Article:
A senior executive continues to work at the low-cost subsidiary of Air India, though aviation minister Praful Patel told Parliament last week that the board of the state-owned carrier has cancelled his appointment.
Pawan Arora’s appointment as chief operating officer of Air India Express was cancelled by the board on 18 November, Mint had reported the next day, quoting airline officials who did not want to be identified.
“The board of Air India has reviewed the appointment of COO and decided to cancel it,” Patel said in Parliament on 23 November, replying to a question on “resentment over appointment of COO of AI Express”.
An Air India spokesman said: “Mr Arora’s appointment has not been terminated as of date.”
Mint’s 19 November report said the appointment of Stefan Sukumar as Air India’s chief training officer has also been put under review.
Also Read | Order signed by Air India COO Gustav Baldauf
But on 25 November, Air India’s chief operating officer Gustav Baldauf and Sukumar issued a jointly signed order asking employees to enrol for a training programme.
Lacking clarity: Civil aviation minister Praful Patel. Kamal Singh / PTI
They signed off on the order, reviewed by Mint, as CEO and chief training officer of “Air India Pvt. Ltd”, causing an uproar at the airline, said an official requesting anonymity.
The company’s name is Air India Ltd.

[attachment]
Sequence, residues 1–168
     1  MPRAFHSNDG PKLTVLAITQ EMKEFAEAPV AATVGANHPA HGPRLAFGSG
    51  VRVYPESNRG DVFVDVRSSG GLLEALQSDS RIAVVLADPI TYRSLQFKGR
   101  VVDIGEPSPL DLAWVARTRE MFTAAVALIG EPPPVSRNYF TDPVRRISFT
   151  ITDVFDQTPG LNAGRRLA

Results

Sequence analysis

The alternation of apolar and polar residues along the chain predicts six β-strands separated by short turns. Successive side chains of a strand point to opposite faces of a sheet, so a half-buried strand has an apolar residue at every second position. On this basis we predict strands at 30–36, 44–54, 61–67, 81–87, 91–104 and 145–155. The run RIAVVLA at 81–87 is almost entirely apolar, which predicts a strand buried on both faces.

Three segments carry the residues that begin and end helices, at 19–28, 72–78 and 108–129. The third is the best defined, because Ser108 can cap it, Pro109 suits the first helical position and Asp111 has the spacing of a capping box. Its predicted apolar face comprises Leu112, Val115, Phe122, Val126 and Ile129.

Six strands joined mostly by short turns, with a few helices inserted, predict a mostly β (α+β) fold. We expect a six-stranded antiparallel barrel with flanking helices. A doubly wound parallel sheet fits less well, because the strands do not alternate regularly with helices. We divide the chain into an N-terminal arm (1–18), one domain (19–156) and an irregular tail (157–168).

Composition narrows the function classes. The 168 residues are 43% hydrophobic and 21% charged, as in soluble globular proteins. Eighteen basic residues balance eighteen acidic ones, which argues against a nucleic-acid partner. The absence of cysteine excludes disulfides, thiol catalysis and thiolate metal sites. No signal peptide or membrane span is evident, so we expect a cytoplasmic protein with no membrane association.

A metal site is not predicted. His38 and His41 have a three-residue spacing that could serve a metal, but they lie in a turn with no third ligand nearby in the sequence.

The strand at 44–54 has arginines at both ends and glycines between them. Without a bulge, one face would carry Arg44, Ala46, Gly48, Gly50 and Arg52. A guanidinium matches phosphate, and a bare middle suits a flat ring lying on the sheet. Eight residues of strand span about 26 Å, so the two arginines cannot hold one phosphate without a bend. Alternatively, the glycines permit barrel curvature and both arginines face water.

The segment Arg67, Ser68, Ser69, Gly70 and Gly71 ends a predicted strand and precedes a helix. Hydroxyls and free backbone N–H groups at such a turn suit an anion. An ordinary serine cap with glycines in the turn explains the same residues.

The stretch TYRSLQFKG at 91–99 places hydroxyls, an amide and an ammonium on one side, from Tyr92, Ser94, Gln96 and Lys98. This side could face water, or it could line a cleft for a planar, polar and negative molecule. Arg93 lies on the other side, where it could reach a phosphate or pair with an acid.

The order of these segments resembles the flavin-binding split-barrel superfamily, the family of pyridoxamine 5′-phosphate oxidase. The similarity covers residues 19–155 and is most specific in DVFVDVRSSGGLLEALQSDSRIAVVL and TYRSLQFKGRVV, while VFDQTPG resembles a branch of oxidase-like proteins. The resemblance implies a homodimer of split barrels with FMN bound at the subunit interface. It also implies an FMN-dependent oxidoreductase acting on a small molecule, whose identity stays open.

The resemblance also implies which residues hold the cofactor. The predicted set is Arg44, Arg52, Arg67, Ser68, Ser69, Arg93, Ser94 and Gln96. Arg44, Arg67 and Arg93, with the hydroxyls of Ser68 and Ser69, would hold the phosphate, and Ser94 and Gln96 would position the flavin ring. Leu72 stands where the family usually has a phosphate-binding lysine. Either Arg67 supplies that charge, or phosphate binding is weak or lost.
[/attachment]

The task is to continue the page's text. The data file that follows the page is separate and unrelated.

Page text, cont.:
“It showed they have a foresight about the company perhaps, which we are not aware of,” the airline official said. “The word ‘Pvt.’ has now been removed (from the order),” he said later on Monday.
Asked if employees under scrutiny are allowed to issue office orders, the airline spokesman said: “Yes, official transactions by any employee are always within the rules of the company.”
An analyst said the ministry and Air India being at variance over such key issues does not bode well for the airline.
“It looks like they (airline management) are a law unto themselves,” said Mohan Ranganathan, a Chennai-based aviation safety expert. “They are running it like a banana republic.”
Air India, which has amassed heavy losses and debt in recent years, has been restructuring its management as part of a series of measures to improve finances.
But the airline continues to be bogged down by operational problems. The shift of domestic operations to New Delhi airport’s new Terminal 3 (T3) this month was widely criticized as chaotic but no one has been held accountable.
“The transition to T3 has progressed well; and there has been no lapses,” the spokesman said.
Air India was merged with Indian Airlines in 2007, and the company was named National Aviation Co. of India Ltd. The name was changed to Air India Ltd this month.
“Our company will now be known as Air India and not as Nacil,” chairman Arvind Jadhav said in a letter to employees on 13 November. “Air India is a brand which has been on the aviation scene nationally and internationally for almost eight decades. It is, therefore, a global brand more recognizable in terms of recall. Hence our corporate name is in sync with our global identity and aspirations.”